• Used girls bedroom set including hutch, bed frame, dresser, mirror and nightstand: Original price at Rooms to Go, $999. Asking price, $450. Cash in pocket $400. Saved: $499.

Barter your skills for services. When you’re dealing with small businesses and nonprofits for your children’s activities, try trading your skills for lessons or services for your children. In return, you could be helping an organization that has limited resources. While you always want to look for ways to make use of free tutoring or your community’s offerings of sports and activities (which are always cheaper,) your kids may reach a level that calls for better or more individualized instruction.

  • Cost of team gymnastics (substitute your activity here): $275 per month for one of your children. Depending on your skills and financial position, offer the owner/director to trade the fee for monthly carpentry fixes, bookkeeping, marketing, or administrative duties, or whatever skills you can offer to clean the facility. Saved: $275 per month.

Never pay full price at a retail store: Learn how to coupon in multiples. BOGOs (buy one, get one) and two-fers (two for the price of one) are especially useful when you really need two or three of the same item.

Additionally, whether you are buying juice, school supplies, or T-shirts and jeans, always look for BOGO deals and then couple it with at least one coupon (if you have two coupons, make two transactions when possible.) Get two or more Sunday newspapers to clip duplicates of grocery and drug store item coupons for cashing in on "multiples" sales.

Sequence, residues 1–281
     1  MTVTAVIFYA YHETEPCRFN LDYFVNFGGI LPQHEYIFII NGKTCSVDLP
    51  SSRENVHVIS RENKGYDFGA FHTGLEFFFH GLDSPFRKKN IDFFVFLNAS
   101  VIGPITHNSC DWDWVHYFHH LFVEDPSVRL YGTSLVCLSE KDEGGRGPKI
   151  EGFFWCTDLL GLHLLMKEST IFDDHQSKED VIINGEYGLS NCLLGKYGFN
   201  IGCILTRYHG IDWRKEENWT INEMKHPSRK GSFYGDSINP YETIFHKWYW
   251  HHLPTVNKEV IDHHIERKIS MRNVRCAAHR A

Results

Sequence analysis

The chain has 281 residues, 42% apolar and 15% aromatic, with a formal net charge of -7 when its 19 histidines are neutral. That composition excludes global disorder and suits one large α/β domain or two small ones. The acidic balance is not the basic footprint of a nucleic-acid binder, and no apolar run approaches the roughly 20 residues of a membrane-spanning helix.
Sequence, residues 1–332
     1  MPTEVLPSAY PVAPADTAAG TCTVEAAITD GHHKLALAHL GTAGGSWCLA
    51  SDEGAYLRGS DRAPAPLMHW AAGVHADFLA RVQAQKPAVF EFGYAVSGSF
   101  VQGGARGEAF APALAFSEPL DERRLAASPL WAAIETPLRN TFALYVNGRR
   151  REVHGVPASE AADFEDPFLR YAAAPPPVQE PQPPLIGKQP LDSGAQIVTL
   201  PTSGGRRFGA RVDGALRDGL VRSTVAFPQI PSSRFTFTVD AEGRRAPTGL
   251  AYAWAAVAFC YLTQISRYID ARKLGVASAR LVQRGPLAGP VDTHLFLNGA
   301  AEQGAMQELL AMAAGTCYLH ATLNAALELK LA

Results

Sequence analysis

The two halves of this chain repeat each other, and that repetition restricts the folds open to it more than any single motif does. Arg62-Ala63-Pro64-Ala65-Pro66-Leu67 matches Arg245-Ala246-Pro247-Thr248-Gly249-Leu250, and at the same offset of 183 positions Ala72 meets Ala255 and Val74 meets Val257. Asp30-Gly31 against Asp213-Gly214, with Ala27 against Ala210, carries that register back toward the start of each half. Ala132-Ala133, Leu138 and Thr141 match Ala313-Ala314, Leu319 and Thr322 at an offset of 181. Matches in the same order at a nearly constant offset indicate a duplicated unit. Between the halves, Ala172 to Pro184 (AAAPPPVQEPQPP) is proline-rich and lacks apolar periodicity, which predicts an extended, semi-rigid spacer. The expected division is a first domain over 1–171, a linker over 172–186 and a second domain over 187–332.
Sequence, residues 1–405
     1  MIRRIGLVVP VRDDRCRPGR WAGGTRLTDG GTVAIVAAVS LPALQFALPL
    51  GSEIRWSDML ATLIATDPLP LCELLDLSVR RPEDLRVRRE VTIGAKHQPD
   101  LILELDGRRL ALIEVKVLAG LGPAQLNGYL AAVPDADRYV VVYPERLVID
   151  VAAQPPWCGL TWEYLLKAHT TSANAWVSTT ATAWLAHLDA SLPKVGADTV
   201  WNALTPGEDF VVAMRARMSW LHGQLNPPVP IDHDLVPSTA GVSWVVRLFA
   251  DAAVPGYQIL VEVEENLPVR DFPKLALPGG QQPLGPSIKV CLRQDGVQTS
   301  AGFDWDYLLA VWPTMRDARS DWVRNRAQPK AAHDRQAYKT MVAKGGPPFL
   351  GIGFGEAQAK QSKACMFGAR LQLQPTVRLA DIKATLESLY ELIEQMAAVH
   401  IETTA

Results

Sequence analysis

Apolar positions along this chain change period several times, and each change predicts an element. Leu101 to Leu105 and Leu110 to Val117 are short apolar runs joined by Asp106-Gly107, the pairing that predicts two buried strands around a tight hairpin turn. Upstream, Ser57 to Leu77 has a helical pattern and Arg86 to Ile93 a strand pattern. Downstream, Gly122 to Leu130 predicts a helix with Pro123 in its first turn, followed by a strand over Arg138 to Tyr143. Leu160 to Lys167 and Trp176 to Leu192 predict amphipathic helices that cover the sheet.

• Apple juice: Regularly $3.29 each. BOGO sale $3.29, plus two $1 off coupons: New cost for two bottles, $1.29. Saved: $5.29

  • T-shirts: Regularly $10 each. BOGO $10 T-shirts plus a 30% off Friends & Family coupon. New price $7 for two T-shirts. Saved: $13.

There are so many more ways than ever before to snag savings coupons and deals from retailers aggressively grabbing for your dollars by offering discounts. Every time you shop for your family, go through the following checklist to make sure you are getting the best price possible.

  • Sign up for the email list of retailers and brands you frequent for emailed savings and percent-off printable coupons.

  • "Like" and "follow" each of your favorite retailers and brands on Facebook and Twitter for daily deals and sales only for followers.

  • Look on the back of ticket stubs for middle and high school sports events for savings at local fast food establishments.

  • Ask store personnel or online chat if there is a special coupon available you might have missed.

  • Look for blinky and peel-off coupons on shelves and products in the store. Check your receipts for paper coupons attached or savings surveys on the back.

  • Use smartphone apps to price check while you are standing in a store and even shopping on the Internet to be sure you are getting the best price possible using every discount available.

  • Don’t forget to check out credit card deals for additional product discounts or savings.

When there are so many ways not to pay full price, why do it? When you’re a parent of multiple children, you can’t afford not to look – or not to ask – for a price break.